The Montgomery County Council did not violate county or state laws when it passed an operating budget that rejected part of the police union’s collective bargaining agreement and did not fund three categories of employee benefits, a state appellate court has held.
“The County Council … had the express authority and unilateral discretion to reject the proposed wage increase and to fund partially the disputed employee benefits,” the Court of Special Appeals held in an opinion filed May 30.
Judge Albert J. Matricciani, Jr. wrote the opinion, which was joined by Chief Judge Peter B. Krauser and Judge Shirley M. Watts.
On May 26, 2011, Matricciani wrote, the council passed a resolution that adopted a fiscal 2012 operating budget to fund its obligations under a collective bargaining agreement reached between the police officers’ union and the county executive. The budget did not provide funds for wage increase or employment benefits, and reduced the county’s contributions to the officers’ retirement plans and to the officers’ life, accidental death and dismemberment, medical, vision, dental, and drug insurance premiums.
On June 24, 2011, the Fraternal Order of Police, Montgomery County Lodge 35, and 10 of its members, filed suit in Montgomery County Circuit Court. The union sought declaratory and injunctive relief and alleged that the council’s actions breached the collective bargaining contract, violated the Montgomery County Police Labor Relations Act and violated the Maryland Declaration of Rights.
Montgomery County Circuit Court Judge Joseph M. Quirk, however, disagreed. Quirk dismissed two counts of the complaint on March 1, 2012, entered summary judgment in favor of the county and council on all remaining counts, and issued a declaratory judgment upholding the county and council’s actions as lawful.
The union appealed Quirk’s decision on April 2, 2012.
In affirming the lower court’s opinion, the Court of Special Appeals said the Montgomery County Police Labor Relations Act does not state that the council must adopt a proposed agreement, or that it must fund its existing obligation to provide employee benefits. That rendered moot the police union’s argument that the council did not have authority or power to change the terms of the collective bargaining agreement.
“…a strict prohibition of ‘changes’ appears nowhere in the [Police Labor Relations Act]; it is the FOP’s invention,” Matricciani wrote. “…Thus, even the FOP recognizes in its brief that [the law] authorizes the County Council to either appropriate or not appropriate funds needed for the collective bargaining agreement, and to implement or not implement the agreement.”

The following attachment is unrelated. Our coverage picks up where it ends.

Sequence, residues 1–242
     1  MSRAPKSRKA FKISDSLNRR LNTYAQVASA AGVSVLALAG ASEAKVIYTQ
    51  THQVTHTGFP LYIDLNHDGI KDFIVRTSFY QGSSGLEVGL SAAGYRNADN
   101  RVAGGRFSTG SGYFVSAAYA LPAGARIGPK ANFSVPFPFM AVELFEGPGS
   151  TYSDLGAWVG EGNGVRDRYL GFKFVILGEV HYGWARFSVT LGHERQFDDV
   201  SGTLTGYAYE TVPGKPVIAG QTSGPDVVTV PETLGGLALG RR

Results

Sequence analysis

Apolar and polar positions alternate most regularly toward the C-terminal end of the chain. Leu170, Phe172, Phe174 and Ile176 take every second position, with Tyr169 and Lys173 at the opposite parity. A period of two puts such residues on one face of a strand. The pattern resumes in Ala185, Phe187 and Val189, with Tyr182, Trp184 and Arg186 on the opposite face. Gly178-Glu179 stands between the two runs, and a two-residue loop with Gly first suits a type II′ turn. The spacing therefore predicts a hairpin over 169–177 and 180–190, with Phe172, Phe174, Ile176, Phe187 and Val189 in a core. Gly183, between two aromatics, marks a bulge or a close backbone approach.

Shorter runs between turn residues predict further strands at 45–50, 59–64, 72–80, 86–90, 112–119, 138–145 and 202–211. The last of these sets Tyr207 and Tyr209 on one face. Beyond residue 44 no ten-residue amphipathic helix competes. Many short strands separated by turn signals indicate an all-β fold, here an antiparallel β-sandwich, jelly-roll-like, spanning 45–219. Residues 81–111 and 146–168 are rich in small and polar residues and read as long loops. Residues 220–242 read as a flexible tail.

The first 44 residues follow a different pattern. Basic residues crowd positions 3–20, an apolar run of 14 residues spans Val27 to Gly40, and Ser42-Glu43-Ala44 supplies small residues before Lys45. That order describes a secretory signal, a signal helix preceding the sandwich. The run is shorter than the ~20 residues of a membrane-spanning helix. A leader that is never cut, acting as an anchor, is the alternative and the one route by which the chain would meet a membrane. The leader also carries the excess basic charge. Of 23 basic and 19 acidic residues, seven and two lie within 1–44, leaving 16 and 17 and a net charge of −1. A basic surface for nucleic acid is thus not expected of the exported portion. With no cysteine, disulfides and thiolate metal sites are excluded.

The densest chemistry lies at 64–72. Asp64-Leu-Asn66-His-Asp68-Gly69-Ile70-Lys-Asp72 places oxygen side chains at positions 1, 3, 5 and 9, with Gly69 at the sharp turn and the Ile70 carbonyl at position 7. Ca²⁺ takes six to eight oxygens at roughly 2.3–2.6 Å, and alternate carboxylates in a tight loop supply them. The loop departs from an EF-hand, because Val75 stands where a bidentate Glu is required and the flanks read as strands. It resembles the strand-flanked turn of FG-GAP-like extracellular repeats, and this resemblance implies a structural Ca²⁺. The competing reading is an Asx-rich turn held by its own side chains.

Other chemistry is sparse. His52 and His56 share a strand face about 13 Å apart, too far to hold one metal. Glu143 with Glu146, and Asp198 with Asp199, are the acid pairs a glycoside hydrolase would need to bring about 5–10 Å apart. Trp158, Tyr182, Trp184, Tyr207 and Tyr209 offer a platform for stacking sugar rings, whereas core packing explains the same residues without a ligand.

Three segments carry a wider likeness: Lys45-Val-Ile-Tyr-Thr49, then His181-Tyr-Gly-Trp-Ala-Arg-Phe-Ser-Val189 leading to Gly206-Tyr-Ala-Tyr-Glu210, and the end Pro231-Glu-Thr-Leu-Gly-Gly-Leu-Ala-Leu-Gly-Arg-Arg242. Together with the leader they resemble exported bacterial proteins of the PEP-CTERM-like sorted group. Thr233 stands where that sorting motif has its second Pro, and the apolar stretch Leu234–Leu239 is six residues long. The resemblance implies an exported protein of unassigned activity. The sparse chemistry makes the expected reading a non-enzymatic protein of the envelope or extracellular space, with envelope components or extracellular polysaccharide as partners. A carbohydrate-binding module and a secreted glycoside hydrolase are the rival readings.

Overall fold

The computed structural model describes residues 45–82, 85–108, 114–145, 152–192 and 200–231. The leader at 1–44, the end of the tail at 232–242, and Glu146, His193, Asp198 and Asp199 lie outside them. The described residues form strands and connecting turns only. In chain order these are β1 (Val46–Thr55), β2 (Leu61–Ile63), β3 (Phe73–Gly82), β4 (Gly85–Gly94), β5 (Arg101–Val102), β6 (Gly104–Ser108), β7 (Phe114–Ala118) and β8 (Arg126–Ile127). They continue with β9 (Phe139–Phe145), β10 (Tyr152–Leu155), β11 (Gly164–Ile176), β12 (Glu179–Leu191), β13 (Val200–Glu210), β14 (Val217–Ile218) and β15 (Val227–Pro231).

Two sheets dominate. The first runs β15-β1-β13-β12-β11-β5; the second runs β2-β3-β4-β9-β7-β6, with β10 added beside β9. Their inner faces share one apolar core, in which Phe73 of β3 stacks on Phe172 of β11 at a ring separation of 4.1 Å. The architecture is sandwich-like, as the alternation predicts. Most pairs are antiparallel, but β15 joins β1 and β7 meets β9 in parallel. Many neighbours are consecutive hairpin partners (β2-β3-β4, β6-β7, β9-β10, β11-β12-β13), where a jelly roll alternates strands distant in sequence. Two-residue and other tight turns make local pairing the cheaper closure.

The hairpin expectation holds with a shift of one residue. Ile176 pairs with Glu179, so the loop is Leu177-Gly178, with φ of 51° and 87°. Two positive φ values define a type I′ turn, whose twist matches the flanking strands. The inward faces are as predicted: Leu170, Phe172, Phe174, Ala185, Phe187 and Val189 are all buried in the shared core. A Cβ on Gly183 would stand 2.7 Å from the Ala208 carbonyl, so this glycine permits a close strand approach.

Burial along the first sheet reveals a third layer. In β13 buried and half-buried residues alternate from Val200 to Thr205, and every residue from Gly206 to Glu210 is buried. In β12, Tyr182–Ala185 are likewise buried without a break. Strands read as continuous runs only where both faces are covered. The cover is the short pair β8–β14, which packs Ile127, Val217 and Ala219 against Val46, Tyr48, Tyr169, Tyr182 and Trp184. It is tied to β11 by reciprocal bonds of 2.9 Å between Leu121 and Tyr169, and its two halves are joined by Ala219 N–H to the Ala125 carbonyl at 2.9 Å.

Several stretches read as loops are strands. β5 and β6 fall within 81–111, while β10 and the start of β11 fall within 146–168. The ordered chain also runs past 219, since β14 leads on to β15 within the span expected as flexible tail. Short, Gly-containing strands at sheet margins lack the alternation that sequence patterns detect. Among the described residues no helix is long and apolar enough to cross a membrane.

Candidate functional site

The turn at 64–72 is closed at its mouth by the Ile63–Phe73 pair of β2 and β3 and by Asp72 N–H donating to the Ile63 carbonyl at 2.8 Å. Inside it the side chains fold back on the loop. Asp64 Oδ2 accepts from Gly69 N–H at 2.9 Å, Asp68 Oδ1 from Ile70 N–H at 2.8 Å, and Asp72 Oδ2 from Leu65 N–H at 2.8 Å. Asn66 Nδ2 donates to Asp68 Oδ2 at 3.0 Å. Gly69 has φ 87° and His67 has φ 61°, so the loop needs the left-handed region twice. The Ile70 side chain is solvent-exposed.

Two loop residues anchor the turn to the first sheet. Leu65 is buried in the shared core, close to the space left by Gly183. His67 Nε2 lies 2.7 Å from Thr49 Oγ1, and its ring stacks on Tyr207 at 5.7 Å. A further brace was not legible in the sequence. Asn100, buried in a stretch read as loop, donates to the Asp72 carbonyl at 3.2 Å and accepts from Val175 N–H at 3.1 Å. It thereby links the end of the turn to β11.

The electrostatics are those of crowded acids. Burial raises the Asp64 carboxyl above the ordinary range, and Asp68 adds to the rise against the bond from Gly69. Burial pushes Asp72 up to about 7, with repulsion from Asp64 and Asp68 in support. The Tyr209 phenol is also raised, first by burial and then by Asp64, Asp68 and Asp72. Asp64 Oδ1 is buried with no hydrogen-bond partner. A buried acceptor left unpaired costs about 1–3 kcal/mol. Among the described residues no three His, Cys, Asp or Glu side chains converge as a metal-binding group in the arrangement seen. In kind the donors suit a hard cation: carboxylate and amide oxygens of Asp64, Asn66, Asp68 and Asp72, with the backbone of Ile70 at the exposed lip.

William Chen, Jr., an attorney at Chen & McCabe LLP in Rockville, represented the police union. Chen declined to comment Friday except to say the union will ask the Court of Appeals, the state’s highest court, to review the case.
Edward B. Lattner, an attorney in the Office of the County Attorney, said in a telephone interview Friday he was happy with the opinion.
“This confirms the council’s authority in making the budget. It is not bound by the collective bargaining agreement and is not bound to fund the collective bargaining agreement,” he said.
Montgomery County Councilman Phil Andrews has been chairman of Montgomery County’s public safety committee since 2000. Andrews said Friday the opinion is not a surprise because the law is very clear about the county’s authority to approve the funding of the contract with the police force.
“The council maintains that authority on a year-to-year basis,” he said. “The council can reject funding or decline to fund the contract in whole or part. It has the final say in the budget.”
WHAT THE COURT HELD
Fraternal Order of Police, Montgomery County Lodge 35 v. Montgomery County, CSA No. 107, Sept. Term 2012. Reported. Opinion by Matricciani, J. Argued April 2, 2013. Filed May 30, 2013.
Did the Montgomery County Council violate the Montgomery County Police Labor Relations Act or the Maryland Declaration of Rights when it passed an operating budget that rejected a proposed amendment to the police union’s collective bargaining agreement and did not fund three categories of employee benefits.
No; The Court of Special Appeals said the Montgomery County Council has the authority to approve the funding of the contract with the police force
William Chen, Jr., Chen & McCabe LLP in Rockville, represented the police union; Edward B. Lattner, an attorney in the Office of the County Attorney, represented Montgomery County.
RecordFax #13-0530-02 (7 pages).